Business and civic leaders in Mayfair are doubling down on efforts to transform a two-mile stretch of Frankford Avenue into the commercial core of Northeast Philadelphia. A bill introduced in City Council last week would create a Business Improvement District (BID) for the area, capping off years of planning and community outreach.
BIDs, like the Center City District or Germantown Special Services District, fund street-cleaning, lighting, security, and business-support services through additional tax assessments on commercial properties. The Mayfair CDC and other civic groups have worked with the City’s Commerce Department over the last few years to lay the groundwork for a Mayfair BID, and leaders there feel confident the current effort will succeed where other recent attempts in Chinatown, North Philadelphia, and Washington Square West have failed.
“I don’t see any opposition,” said Councilman Bobby Henon, who introduced the bill authorizing the Mayfair BID.
Henon noted that the steering committee charged with organizing the BID has made repeated contact with business owners in the affected area. Once Council holds a public hearing on the BID, affected property owners will have 45 days to send the city a letter saying they oppose the district. If 51 percent of affected owners state their opposition—or owners whose property represents 51 percent of the total commercial property value of the area—the BID cannot move forward.
“They were pretty thorough with their outreach,” said Denis Murphy, of the city’s Commerce Department. “I don’t expect them to have any problems.”
Joe DeFelice, a lawyer and president of the Mayfair CDC, said he first started thinking about creating a BID in the neighborhood during a continuing legal education (CLE) course on the topic six years ago. He said the steering committee has worked hard to figure out the right assessment—an amount that’s feasible for property owners and sufficient to fund a productive BID.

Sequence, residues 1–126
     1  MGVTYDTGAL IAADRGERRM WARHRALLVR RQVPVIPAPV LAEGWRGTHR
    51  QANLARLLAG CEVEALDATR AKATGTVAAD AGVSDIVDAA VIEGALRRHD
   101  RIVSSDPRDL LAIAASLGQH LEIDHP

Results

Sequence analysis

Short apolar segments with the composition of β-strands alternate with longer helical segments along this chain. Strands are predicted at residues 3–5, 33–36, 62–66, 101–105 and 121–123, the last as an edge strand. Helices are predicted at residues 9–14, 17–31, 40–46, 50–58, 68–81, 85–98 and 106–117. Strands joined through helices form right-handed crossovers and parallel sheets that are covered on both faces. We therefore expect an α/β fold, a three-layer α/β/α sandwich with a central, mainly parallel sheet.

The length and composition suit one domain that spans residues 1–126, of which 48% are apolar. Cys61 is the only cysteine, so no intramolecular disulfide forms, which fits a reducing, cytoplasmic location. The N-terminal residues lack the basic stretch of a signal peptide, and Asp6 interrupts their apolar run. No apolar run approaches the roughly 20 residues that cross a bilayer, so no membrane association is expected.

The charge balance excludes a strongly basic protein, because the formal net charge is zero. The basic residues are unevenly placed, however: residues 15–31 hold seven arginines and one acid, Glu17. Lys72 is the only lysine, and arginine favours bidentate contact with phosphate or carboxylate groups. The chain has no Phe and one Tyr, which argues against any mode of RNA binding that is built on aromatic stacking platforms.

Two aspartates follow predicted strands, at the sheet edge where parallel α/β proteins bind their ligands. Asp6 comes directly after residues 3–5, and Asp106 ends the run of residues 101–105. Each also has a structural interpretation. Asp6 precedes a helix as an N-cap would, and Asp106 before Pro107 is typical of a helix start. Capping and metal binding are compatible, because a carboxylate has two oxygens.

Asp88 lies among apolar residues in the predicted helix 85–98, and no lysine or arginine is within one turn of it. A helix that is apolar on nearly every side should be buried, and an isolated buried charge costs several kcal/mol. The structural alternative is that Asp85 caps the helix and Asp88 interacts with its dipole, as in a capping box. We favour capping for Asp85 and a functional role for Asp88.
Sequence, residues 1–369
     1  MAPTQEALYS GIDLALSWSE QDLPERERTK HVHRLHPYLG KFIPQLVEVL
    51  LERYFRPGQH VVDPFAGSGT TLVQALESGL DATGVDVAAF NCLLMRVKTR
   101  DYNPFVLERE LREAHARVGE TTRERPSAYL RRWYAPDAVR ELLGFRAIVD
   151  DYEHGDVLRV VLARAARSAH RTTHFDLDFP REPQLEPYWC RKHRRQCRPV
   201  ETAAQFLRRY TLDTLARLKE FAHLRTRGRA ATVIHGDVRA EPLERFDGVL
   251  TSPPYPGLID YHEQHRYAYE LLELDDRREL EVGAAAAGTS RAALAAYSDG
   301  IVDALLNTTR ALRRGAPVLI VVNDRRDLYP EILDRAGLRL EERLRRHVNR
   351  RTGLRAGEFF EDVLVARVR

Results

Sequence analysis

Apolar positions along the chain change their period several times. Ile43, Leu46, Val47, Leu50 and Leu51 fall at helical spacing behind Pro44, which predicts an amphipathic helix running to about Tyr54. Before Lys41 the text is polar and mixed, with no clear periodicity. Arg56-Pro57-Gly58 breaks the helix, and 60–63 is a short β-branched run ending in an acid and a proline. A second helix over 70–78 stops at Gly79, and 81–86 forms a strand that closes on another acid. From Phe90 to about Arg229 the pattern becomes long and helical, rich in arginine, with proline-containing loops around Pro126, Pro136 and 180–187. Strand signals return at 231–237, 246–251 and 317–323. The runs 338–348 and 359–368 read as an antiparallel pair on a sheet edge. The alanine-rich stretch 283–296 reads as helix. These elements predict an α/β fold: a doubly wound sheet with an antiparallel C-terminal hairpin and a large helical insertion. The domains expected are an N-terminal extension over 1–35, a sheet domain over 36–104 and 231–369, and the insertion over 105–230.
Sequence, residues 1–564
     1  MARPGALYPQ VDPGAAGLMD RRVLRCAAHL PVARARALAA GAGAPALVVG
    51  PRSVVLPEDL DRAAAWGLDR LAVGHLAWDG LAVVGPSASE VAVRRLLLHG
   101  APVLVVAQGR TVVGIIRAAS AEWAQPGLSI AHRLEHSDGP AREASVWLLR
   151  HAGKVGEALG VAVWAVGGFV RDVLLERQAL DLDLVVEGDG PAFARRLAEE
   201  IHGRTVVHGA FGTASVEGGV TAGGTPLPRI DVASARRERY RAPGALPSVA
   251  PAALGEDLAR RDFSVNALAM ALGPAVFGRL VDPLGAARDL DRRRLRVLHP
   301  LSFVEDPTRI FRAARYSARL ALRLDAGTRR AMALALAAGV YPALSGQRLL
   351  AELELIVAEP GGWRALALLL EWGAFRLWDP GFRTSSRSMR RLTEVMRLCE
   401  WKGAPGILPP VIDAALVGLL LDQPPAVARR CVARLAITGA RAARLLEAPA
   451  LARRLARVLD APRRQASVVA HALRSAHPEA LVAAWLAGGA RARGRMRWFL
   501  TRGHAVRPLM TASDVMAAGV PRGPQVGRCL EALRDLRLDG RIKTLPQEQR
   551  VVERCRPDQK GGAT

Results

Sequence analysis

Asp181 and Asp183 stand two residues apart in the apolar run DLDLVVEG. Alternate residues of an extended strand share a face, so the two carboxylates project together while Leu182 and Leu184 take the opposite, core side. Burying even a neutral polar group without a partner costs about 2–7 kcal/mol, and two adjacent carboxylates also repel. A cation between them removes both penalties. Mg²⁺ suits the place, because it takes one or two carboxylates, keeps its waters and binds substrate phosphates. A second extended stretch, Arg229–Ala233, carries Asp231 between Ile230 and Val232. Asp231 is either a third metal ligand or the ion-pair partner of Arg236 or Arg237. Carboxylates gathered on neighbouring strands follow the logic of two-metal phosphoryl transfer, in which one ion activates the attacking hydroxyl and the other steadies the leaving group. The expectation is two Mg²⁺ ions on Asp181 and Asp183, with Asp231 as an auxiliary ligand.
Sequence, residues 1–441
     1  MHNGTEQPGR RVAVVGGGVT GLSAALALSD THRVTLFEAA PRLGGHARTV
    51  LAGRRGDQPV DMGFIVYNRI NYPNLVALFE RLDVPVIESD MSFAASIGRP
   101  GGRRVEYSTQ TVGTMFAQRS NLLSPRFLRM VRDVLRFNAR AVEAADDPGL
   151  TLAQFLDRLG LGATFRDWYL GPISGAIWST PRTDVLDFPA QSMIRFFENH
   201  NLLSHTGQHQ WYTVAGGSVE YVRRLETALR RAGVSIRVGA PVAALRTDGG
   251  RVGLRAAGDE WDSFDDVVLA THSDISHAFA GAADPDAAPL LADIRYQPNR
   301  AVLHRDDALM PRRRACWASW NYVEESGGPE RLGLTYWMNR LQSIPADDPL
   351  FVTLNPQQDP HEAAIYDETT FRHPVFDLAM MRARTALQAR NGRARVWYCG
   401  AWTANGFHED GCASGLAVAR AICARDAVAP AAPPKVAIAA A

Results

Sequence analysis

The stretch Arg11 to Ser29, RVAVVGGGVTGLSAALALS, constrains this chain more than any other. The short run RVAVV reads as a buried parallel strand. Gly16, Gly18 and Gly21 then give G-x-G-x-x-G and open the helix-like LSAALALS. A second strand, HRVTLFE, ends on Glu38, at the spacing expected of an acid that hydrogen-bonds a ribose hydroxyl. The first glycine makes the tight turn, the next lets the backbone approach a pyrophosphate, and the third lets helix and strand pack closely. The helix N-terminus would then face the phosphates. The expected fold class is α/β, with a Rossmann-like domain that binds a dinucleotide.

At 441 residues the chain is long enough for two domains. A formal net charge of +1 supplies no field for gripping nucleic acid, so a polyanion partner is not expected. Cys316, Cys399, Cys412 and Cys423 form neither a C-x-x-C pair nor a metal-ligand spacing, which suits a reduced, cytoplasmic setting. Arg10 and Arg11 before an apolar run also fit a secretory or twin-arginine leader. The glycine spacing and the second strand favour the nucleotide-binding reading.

According to the preliminary BID plan, taxable commercial properties in the target area would pay either $365 a year or an additional 0.23 percent of assessed property value to the District, whichever assessment is greater. The plan estimates a first-year revenue of around $294,000, collected from a total of 321 commercial properties on Frankford between Sheffield Street and Harbison Avenue. The funds would be used to pay for a marketing campaign, a safety study, street cleaning and extra trash pick-up focused on problem areas, lighting for security and decoration, and a signage plan.
“We hope we start seeing more retail, more customers, more nightlife,” said DeFelice. “The more businsess that comes to Mayfair, the better.”
DeFelice said he’d like the corridor to capture the type of vibrancy seen on East Passyunk Avenue or East Girard Avenue, both of which have been transformed over the last decade. (East Passyunk has a BID; East Girard does not.)
Mayfair had previously flirted with imposing a zoning overlay on the commercial corridor, which would have banned certain types of businesses, including pawn shops, barber shops, nail salons, and group daycare centers. Both DeFelice and Councilman Henon said that proposal has been dropped for now.
Dan Hoffman, who worked as a consultant to the Mayfair BID steering committee, said the group has approached the proposal in the right way. Other efforts, like those in Wash West, Chinatown, and North Philly, were “imposed from the top down,” he said.
“Mayfair has used a bottom up process that included contacting every business and property owner at least four times seeking input into the BID plan,” Hoffman wrote in an email.
Read more about the BID in the preliminary plan.